I’ve found my Apple Watch to be very inaccurate as a fitness tracker, and I’ve been in touch with Apple. They’ve given me several things to try, to see if accuracy improves, and, just today, there was an update to the Apple Watch software, which claims to improve some of the issues I’m having. I applied the update, but, after a first outdoor walk workout, I see that there are still issues with the heart rate data.
So, the next step is to wipe and restore the device. If you use an iOS device, you’re probably familiar with the process of restoring it using iTunes. With the Apple Watch, you don’t use iTunes, but rather your iPhone. Here’s how.
To restore an Apple Watch, you must unpair it. When you do this, the iPhone saves a backup of your data. The backup contains the following data:
- General system settings, such as your watch face, known Wi-Fi networks, brightness, sound, and haptic settings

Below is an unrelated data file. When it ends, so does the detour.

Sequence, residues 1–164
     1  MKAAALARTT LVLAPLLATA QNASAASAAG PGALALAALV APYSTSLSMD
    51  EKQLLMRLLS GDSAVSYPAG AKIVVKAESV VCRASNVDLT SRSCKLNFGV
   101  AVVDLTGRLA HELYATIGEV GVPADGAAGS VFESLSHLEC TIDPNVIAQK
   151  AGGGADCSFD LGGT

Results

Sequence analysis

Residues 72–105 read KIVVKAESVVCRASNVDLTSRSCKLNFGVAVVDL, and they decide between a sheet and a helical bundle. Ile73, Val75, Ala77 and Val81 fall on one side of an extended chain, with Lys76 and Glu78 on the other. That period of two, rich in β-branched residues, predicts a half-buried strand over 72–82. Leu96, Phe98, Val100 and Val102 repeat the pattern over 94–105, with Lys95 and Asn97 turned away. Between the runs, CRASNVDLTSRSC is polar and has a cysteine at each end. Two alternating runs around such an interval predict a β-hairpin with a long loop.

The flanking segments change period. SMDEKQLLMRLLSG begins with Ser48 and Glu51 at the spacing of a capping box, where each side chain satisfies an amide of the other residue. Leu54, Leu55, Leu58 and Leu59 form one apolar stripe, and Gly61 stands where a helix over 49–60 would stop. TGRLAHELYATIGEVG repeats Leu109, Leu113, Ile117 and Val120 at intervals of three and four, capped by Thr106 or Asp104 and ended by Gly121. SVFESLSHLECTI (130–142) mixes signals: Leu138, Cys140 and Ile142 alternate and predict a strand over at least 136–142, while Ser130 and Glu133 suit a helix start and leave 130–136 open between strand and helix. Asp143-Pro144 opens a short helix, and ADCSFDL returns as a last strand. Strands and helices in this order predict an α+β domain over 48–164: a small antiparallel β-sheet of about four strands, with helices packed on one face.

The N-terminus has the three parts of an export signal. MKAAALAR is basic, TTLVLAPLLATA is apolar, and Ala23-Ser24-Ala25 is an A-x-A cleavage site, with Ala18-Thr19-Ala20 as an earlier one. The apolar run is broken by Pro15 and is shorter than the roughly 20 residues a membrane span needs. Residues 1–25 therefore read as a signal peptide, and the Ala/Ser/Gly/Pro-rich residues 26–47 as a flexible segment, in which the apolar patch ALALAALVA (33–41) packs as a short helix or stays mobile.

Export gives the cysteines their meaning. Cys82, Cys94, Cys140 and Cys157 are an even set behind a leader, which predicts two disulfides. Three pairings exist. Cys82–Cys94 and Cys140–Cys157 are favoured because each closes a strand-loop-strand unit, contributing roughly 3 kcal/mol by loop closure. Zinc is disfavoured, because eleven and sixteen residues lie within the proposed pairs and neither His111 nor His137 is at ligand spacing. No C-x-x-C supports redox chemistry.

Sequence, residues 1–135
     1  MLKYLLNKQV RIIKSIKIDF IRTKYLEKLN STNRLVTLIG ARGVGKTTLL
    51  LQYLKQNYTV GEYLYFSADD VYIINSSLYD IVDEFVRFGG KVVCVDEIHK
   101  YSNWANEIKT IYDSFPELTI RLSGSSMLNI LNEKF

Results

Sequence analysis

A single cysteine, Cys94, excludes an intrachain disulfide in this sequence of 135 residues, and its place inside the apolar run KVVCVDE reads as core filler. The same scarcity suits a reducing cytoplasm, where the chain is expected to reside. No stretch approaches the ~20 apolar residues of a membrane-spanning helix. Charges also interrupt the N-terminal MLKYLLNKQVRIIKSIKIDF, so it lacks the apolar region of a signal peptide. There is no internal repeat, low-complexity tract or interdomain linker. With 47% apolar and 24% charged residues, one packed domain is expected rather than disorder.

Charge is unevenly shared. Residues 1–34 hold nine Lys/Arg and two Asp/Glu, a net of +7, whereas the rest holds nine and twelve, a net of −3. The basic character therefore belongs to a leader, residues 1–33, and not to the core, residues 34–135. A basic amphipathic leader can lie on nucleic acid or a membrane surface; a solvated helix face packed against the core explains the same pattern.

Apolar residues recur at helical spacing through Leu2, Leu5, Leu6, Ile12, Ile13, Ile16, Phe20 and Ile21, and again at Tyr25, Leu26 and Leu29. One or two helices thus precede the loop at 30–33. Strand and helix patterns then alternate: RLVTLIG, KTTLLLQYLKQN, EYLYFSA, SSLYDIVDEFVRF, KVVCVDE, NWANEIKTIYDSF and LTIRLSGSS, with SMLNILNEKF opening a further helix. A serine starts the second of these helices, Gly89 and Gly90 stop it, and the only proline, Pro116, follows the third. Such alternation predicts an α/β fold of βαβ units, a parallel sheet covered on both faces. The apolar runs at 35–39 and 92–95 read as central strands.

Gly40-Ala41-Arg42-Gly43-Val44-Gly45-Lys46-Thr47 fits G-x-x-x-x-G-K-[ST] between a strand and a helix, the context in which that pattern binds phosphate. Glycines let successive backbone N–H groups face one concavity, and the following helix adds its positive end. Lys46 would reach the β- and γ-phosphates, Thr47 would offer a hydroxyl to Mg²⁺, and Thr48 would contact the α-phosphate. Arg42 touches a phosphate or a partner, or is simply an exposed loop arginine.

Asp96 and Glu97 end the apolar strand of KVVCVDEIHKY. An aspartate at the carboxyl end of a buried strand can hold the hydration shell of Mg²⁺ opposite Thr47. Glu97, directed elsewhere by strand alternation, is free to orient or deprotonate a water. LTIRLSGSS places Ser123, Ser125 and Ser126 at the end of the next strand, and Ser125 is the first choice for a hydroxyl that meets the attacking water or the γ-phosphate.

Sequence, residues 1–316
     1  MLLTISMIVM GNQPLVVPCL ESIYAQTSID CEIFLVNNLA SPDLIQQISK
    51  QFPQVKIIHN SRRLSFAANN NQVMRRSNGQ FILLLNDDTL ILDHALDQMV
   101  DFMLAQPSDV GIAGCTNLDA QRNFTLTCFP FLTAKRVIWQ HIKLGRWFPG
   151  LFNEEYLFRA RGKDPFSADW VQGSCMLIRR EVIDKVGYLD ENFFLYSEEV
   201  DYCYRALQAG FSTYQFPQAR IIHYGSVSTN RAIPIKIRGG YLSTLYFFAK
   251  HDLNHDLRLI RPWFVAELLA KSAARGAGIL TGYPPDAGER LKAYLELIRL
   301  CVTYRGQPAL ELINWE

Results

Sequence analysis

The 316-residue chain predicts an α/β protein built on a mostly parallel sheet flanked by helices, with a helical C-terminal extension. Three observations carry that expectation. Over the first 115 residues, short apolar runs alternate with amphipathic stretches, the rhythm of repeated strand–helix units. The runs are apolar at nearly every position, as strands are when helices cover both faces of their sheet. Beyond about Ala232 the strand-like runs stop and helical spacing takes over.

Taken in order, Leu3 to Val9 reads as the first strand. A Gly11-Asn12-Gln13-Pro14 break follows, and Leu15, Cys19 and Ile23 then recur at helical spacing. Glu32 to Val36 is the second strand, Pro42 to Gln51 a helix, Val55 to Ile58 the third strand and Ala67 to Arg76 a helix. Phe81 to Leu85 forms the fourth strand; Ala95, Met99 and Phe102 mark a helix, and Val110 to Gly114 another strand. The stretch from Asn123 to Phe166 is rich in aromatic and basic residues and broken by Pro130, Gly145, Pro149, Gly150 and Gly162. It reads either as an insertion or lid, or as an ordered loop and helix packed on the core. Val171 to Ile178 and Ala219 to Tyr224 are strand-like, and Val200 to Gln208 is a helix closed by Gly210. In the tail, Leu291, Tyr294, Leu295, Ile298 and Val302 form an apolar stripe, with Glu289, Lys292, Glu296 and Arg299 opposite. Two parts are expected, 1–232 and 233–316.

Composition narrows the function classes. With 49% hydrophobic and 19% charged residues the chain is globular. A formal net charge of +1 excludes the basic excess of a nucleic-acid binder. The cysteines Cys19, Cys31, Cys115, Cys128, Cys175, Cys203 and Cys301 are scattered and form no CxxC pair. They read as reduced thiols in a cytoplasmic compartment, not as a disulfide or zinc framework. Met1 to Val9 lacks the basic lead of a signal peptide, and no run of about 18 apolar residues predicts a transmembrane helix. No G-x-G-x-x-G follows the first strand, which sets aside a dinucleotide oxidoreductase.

- Language and time zone settings
- Settings for Mail, Calendar, Stocks, and Weather
- App-specific data and settings, such as Maps, distance, and units
- Health and Fitness data, such as history, achievements, and user-entered data
The backup does not include the following data:
- Workout and Activity calibration data
- Playlists synced to your Apple Watch
- Credit or debit cards used for Apple Pay
- Your passcode
Open the Apple Watch app on your iPhone, and tap My Watch > Apple Watch, then Unpair Apple Watch. The Apple Watch app will perform the backup. After the watch is unpaired, you’ll see the Start Pairing message on the watch.
Follow the instructions to pair the watch to your iPhone, and restore from the backup.